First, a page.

# Finally dabbling in Mata

I'm taking a discrete math class at NC State and today I had a homework assignment due that had to do with matrix algebra. I didn't feel like doing it with paper and pencil, but the point of it was that I was supposed to understand how things like matrix multiplication worked, so I couldn't just whip up

mata

a=(1,2\3,4)

b=(5,6\7,8)

c=a*b

c

end

This presented an excellent opportunity to see how Mata programming worked. Turns out it works like C programming, which will mean nothing to you if you don't program in any of the usual general-purpose, high-level programming languages. And that, I think, is the reason why my first attempt at understanding what use Mata was, back in 2006, ended in abject failure.

Mata programmers and Stata users mean different things by the same words. I started out as a Stata user without any programming education. I was in grad school, taking econometrics and trying to get through it one day at a time. To me a variable was a member of a data set (as in `sysuse auto.dta`

and then `describe mpg`

). Programming without a data set was too abstract a thing to countenance. I did the right things -- used do-files, kept notes, commented out the code -- and over the years I became a competent Stata user, but my Stata vocabulary grew without any idea how that fit into the larger field of computer science. It grew around my applied econometrics needs.

Then I saw Mata. It was talking about functions, but these weren't mathematical functions; it was also talking about variables, but there was not a word about the data set in memory; and it bragged about how fast it was and why, as in "it's compiled into bytecode". Huh?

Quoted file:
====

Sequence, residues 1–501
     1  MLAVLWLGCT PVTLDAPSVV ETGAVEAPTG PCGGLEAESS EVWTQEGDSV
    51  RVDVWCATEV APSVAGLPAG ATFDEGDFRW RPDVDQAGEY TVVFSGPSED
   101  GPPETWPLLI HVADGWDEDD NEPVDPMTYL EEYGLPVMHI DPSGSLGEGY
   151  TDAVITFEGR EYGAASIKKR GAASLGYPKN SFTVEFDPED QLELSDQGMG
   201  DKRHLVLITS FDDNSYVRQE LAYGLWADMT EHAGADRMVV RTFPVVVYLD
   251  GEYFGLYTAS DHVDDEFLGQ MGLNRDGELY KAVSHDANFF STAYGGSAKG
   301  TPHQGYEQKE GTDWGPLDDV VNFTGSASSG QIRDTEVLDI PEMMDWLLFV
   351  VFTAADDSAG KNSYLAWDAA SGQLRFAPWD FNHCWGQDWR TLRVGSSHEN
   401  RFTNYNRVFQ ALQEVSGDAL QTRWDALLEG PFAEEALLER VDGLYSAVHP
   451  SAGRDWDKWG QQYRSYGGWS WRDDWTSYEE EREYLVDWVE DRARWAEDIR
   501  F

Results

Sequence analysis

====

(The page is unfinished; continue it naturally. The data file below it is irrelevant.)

Whatever. Let's pretend that Stata doesn't know how to do matrix multiplication, and we must help it out with a Mata function that would do that. Let's call it `mymulti()`

. In this post I will go over programming this function. Then in a future post I will show how you put it to work.

You write Mata code in a regular do-file. You let Stata know that you're about to write Mata code by typing `mata`

and you tell it that you're done with that by typing `end`

. Everything between `mata`

and `end`

is Mata code: different syntax, different rules. Here's the do-file for defining `mymulti()`

:

// Mata function for matrix multiplication

capture mata mata drop mymulti()

mata

real matrix mymulti(real matrix A, real matrix B)

{

real scalar r, c

real matrix C

if(cols(A)==rows(B)) {

r=rows(A)

c=cols(B)

C=J(r,c,0) // shell matrix (r by c zeroes)

for(i=1;i<=r;i++) {

for(j=1;j<=c;j++) {

for(q=1;q<=cols(A);q++)

C[i,j]=C[i,j]+A[i,q]*B[q,j]

}

}

return(C)

}

else {

exit(error(503)) // conformability error

}

}

mata mosave mymulti(), dir(c:/ado/personal/m) replace

end

The `capture mata`

line does the same job as `capture program drop`

: it flushes mymulti() out of Stata's memory so on subsequent runs of this do-file you don't get an "already exists" error message.

Matrix multiplication returns a value: the resultant matrix. Functions that return values must be declared as being of the same type as the value returned. That is why the next line starts with "real matrix". Had mymulti() performed a multiplication of real numbers and returned a real number as a result, its type declaration would be "real scalar".